A brutal Colorado gravel race has adapted to the coronavirus pandemic by launching a new GPS race format.
Organisers of the Old Man Winter Rally (opens in new tab), a hugely popular cross discipline challenge in Boulder County, have been forced to rethink their event due to Covid-19 and have come up with an innovative way of letting racers compete.
The 2021 edition, which features a 50km and 100km off-road rides or a 10km run (or both), will see competitors given a time window to complete the course and then upload their GPS file to be included on the leaderboard.
Organisers of the event said: “We are very excited to announce that we've worked with Boulder County to create a revised format for the 2021 Old Man Winter Rally that will allow us to host a safe event, even during times with COVID restrictions. The 2021 Old Man Winter Rally will now take place over nine days.
“The epic adventure continues on the same courses and with full support (food, drinks, medical, tech) on the weekend days. Ride with GPS will provide live results and you can participate with your POD of friends and family (as long as your group is less than 10).
“You will need to select a day / start time and these spots are very limited to keep everybody safely distanced. So rally your crew and let's have some fun this winter!”
Racers can also complete the course multiple times during the nine-day period, with their fastest time being included on the Ride with GPS leaderboard.
The race takes place between February 6-14 and is based around the town Lyons.
Riders and runners traditionally face all kinds of challenges on the day, including rain, snow and hailstorms.
The 100km ride is a challenging course featuring gravel roads, some tough climbs, fast tarmac and the infamous Rowena trail.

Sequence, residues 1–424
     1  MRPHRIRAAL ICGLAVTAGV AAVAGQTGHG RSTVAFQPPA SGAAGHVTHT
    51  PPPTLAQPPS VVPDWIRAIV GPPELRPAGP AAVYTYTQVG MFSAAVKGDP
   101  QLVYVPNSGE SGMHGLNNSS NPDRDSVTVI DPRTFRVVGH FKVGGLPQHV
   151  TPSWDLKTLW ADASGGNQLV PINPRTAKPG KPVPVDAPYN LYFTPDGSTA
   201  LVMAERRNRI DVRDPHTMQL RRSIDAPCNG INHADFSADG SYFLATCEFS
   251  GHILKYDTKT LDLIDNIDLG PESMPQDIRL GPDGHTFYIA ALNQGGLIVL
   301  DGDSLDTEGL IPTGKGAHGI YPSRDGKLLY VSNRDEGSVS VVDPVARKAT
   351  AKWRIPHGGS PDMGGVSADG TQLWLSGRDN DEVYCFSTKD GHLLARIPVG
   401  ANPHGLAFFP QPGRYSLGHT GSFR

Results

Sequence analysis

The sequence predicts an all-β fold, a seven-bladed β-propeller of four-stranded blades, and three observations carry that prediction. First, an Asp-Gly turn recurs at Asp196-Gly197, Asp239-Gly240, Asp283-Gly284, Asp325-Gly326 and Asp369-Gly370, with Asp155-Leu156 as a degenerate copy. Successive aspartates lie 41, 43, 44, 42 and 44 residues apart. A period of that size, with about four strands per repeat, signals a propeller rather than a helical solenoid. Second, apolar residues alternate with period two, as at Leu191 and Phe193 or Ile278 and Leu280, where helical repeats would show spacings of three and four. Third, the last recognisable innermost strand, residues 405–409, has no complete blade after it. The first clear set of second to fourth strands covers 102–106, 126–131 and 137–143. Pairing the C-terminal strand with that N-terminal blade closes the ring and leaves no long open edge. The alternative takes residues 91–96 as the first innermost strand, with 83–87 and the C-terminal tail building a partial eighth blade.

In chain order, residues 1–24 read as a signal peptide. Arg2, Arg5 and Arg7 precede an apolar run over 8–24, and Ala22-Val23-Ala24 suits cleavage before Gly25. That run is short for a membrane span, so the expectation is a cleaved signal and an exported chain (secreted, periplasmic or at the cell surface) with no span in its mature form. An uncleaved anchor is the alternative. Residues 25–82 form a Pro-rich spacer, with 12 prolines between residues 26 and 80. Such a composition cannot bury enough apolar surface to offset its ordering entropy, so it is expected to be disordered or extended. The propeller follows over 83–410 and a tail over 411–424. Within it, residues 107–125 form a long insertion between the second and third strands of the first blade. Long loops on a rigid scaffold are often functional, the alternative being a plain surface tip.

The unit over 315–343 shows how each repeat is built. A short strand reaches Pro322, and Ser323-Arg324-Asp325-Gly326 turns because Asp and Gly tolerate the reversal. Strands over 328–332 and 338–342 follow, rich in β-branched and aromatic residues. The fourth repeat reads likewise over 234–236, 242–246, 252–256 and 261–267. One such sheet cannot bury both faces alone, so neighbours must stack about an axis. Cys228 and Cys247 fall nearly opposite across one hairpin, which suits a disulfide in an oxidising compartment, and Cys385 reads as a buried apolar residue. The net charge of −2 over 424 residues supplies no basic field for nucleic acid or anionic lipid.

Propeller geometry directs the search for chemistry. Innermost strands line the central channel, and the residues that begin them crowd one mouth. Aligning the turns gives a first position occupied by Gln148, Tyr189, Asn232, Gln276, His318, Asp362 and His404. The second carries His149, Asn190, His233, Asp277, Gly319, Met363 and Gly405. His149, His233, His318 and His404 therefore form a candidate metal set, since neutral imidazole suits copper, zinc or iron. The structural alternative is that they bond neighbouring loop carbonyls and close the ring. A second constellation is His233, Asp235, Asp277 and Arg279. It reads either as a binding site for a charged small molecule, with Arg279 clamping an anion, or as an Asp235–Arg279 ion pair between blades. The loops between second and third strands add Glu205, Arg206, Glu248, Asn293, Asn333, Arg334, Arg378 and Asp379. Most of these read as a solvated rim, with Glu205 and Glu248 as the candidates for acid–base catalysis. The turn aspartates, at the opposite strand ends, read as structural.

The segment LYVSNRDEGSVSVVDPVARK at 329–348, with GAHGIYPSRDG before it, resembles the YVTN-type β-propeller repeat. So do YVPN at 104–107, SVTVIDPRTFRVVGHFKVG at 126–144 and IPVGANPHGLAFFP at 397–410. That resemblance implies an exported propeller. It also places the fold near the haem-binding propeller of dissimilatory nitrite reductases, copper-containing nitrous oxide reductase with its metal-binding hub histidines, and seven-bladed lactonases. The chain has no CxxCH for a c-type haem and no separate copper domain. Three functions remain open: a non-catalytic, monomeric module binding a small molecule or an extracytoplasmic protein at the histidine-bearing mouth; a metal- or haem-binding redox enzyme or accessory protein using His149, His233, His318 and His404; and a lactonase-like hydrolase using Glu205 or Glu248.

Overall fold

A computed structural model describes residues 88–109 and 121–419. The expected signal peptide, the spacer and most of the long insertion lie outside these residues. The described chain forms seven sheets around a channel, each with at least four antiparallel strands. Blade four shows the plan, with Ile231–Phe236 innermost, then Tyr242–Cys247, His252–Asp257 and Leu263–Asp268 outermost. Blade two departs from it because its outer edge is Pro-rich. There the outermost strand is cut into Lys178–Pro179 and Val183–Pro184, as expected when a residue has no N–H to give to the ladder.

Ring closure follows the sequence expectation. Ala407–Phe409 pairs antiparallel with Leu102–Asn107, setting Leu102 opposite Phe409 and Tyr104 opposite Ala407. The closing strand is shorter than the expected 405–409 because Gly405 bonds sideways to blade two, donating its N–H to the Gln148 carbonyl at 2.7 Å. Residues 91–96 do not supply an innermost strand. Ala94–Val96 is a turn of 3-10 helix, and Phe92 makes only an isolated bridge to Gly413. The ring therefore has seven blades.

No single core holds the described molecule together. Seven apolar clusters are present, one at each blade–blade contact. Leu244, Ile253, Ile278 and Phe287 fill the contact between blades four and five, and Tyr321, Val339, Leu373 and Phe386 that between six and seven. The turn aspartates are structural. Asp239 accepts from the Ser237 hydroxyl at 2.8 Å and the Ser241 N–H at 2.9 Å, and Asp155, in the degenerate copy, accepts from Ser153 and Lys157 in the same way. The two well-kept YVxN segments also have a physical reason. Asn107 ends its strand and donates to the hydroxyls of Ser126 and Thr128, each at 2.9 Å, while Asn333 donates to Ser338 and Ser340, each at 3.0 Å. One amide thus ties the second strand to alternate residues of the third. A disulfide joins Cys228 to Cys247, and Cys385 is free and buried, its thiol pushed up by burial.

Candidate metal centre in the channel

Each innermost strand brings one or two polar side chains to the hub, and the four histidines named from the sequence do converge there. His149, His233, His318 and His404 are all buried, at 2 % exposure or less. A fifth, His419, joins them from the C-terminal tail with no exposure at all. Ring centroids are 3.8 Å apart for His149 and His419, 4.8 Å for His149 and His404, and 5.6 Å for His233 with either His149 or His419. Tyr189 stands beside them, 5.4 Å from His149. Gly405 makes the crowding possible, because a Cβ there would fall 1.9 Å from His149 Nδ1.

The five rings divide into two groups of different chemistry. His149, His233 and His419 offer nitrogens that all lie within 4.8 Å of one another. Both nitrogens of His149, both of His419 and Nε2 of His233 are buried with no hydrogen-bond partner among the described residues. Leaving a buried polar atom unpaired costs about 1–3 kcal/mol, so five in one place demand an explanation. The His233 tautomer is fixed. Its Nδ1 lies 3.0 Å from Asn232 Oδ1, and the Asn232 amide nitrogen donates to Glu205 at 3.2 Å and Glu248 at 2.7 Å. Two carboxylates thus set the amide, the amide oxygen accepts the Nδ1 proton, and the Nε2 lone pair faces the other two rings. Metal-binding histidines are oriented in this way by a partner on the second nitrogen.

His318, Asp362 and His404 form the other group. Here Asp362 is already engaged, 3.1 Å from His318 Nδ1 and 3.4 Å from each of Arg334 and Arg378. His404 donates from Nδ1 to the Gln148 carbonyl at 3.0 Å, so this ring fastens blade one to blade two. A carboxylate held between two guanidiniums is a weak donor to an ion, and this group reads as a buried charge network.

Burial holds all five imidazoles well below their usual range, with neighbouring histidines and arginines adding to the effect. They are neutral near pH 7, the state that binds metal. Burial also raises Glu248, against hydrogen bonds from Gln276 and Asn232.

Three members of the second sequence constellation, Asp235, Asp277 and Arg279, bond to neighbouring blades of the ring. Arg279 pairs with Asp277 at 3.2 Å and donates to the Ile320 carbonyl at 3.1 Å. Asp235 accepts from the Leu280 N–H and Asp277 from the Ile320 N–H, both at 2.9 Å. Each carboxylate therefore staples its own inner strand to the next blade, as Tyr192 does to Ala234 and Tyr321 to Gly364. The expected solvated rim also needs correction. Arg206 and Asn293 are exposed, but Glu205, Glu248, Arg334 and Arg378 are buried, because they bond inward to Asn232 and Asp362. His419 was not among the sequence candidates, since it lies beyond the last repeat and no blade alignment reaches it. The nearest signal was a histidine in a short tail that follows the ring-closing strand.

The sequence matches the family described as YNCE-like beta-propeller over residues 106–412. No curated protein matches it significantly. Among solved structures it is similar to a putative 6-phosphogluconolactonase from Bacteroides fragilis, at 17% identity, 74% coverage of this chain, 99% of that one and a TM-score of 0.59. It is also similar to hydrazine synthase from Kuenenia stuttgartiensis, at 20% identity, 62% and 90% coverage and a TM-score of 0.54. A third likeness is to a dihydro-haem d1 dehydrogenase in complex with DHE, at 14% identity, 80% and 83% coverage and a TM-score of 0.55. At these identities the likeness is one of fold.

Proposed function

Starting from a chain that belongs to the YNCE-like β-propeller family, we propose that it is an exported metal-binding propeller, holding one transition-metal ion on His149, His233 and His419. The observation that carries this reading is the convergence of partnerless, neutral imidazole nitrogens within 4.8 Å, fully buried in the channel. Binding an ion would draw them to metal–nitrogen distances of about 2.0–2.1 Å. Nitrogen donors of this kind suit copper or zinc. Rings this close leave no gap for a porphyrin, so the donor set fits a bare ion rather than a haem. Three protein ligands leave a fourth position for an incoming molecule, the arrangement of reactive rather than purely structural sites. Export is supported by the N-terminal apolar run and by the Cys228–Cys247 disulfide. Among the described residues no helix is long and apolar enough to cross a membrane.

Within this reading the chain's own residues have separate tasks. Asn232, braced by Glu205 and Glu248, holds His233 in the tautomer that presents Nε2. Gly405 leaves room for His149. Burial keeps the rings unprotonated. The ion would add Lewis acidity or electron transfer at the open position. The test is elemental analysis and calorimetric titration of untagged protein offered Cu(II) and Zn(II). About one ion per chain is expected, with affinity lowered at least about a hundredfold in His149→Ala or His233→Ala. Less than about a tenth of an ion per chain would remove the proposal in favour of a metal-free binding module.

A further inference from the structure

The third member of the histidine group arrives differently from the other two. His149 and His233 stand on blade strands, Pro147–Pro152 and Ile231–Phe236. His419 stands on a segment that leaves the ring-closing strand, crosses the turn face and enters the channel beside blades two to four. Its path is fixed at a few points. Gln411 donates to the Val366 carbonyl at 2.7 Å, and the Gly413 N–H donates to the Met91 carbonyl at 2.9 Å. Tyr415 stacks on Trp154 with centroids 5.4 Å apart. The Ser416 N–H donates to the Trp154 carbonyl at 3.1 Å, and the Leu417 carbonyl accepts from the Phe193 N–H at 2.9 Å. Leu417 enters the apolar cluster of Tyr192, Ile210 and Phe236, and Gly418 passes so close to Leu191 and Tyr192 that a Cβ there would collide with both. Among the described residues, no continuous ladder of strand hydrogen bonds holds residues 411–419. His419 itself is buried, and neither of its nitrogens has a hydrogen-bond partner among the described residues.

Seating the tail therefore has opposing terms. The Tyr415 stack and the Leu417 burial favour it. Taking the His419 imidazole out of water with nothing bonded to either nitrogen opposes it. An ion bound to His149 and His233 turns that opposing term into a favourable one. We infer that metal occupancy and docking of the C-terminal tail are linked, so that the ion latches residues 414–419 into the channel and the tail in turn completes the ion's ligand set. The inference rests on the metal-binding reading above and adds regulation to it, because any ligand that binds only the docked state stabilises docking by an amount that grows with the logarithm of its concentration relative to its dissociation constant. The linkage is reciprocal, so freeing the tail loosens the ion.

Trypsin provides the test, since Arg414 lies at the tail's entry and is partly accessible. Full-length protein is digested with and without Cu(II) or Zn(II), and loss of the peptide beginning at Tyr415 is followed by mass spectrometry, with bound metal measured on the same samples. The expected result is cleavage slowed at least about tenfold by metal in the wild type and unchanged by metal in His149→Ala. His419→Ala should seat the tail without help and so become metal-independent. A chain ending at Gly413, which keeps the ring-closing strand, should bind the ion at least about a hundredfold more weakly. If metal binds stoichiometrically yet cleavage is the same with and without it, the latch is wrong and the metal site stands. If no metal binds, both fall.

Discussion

Split into two timed segments, this year riders can choose to complete the two segments on the same day or split them across different days.
The last bike event held was in 2019 (after the rides were cancelled last year) and the fastest male finisher was Yannick Eckmann, with a time of three hours and 30 minutes, just four seconds ahead of second place Ken Benesh.
Erin Huck was the fastest female finish with a time of four hours, while Trek Segafredo’s Ruth Winder came in second.
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Alex is the digital news editor for CyclingWeekly.com. After gaining experience in local newsrooms, national newspapers and in digital journalism, Alex found his calling in cycling, first as a reporter and now as news editor responsible for Cycling Weekly's online news output.
Since pro cycling first captured his heart during the 2010 Tour de France (specifically the Contador-Schleck battle) and joining CW in 2018, Alex has covered three Tours de France, multiple editions of the Tour of Britain, and the World Championships, while both writing and video presenting for Cycling Weekly. He also specialises in fitness writing, often throwing himself into the deep end to help readers improve their own power numbers.
Away from journalism, Alex is a national level time triallist, avid gamer, and can usually be found buried in an eclectic selection of books.
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